Amid a flurry of controversies in Washington, D.C., President Donald Trump will land in Israel early Monday for the second leg of his first foreign jaunt, where "more history is about to be made," according to senior White House officials.
With controversies still simmering over the Trump administration's unfulfilled pledge to move the U.S. embassy in Israel from Tel Aviv to Jerusalem—as well as a separate controversy over the administration's use of maps that erased key Israeli territories—Trump and his senior staff will meet with Israeli Prime Minister Benjamin Netanyahu and his closest advisers.
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Trump will start his trip with a visit to the Western Wall, Judaism's holiest site located inside Jerusalem's Old City. Trump will become "the first sitting president to visit the" site, according to senior Trump administration officials familiar with the agenda.
The visit holds symbolic significance, as White House officials as recently as last week declined to state if the Western Wall is part of Israeli territory, a declaration that angered many of Trump's fiercest pro-Israel supporters.
The Israel visit has been the subject of speculation for months among pro-Israel insiders in Washington, D.C., who had hoped Trump would announce that the U.S. embassy is being relocated to Jerusalem. However, that declaration appears to be dead due to internal pressure inside the White House to push Trump in a more moderate direction as officials explore the potential for restarting peace talks between the Israelis and Palestinians.
While the president is likely to avoid getting involved in thornier debates about the status of contested areas in Israel, he is expected to emphasize the U.S. commitment to battling radical Islamic terrorists and stopping the Iranian regime's increasingly hostile actions.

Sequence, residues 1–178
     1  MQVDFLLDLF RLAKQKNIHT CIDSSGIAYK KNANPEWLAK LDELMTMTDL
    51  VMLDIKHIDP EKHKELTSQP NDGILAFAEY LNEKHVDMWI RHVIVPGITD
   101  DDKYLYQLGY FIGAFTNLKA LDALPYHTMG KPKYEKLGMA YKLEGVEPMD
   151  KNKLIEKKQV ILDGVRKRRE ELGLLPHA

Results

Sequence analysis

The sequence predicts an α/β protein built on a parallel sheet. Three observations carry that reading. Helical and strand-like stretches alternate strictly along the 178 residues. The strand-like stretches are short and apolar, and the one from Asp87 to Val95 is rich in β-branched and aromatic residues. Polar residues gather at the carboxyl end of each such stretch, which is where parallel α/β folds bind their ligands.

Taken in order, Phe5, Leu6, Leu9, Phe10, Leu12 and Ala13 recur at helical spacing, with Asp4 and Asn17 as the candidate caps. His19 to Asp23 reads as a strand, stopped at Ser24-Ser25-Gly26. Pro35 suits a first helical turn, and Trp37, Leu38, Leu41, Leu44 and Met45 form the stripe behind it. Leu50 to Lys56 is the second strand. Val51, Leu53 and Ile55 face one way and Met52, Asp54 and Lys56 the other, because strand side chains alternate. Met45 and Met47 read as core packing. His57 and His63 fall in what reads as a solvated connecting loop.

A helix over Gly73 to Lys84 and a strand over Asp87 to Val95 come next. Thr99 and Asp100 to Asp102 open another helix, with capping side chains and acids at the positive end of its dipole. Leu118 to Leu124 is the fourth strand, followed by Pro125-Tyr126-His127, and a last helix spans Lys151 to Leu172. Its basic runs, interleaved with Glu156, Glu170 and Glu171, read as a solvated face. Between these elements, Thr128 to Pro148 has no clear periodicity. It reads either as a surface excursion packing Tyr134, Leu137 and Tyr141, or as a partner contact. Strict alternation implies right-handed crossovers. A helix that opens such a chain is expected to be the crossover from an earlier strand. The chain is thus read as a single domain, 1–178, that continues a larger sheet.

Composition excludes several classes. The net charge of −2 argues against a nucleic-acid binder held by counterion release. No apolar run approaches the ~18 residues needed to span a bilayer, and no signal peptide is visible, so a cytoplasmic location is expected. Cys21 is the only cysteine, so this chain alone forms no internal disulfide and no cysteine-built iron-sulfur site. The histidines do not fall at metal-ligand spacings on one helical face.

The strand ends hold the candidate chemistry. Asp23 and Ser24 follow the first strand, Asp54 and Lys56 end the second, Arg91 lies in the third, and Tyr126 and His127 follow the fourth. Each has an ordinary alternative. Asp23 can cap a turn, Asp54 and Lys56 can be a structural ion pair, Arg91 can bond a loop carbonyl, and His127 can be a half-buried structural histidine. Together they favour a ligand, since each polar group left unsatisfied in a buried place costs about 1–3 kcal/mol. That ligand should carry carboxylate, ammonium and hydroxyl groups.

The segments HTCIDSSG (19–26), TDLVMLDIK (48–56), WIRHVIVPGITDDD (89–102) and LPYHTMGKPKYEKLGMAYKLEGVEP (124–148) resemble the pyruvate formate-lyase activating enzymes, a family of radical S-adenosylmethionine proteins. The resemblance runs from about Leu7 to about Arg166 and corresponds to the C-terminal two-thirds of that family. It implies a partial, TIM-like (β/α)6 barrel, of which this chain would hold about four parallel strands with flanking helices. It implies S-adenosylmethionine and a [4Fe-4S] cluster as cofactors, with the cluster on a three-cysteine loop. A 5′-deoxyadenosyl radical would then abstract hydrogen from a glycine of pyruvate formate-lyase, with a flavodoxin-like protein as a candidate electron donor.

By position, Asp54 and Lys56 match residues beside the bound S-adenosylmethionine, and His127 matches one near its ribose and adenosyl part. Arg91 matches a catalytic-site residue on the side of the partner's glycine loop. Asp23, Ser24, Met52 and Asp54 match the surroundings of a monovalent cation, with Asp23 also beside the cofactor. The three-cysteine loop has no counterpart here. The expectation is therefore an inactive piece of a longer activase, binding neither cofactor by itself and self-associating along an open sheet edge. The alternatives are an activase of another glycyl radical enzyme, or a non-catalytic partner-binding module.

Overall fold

Trump focused on these areas during the first leg of his trip in Saudi Arabia, and is likely to hammer the theme alongside Israeli officials, sources said.
"The overarching theme of this trip is an extension of reach by the president on behalf of the U.S. to all of the three major faiths … with an effort to find common ground [and] peaceful coexistence," said one senior Trump administration official who will accompany the president in Israel.
Trump's biggest priority is to "end the common scourge of the 21st century, which is radical extremism and terrorism, and ultimately find ways for people who have for so many years, if not centuries, been unable to live together without violence or bloodshed, to end that cycle and find a way to go forward in peace," the official said, adding that the two-day stop in Israel "fits right into that theme and that objective."
After visiting the Western Wall on Monday, Trump will travel nearby to the Church of the Holy Sepulcher, one of Christianity's most important sites.
Trump also will hold meetings with Israeli President Reuven Rivlin on Monday before having a private evening meeting and dinner with Netanyahu and his wife at the prime minister's residence.
Trump on Tuesday will head to Bethlehem, a Palestinian territory, where he will visit the Church of Nativity and hold a meeting with Palestinian President Mahmoud Abbas.
Following those meetings, Trump heads back to Jerusalem to visit Yad Vashem, Israel's Holocaust memorial museum, and the Israel museum, where the president will deliver a "major address," according to officials. The specifics of that speech remain unclear and have not yet been disclosed to reporters.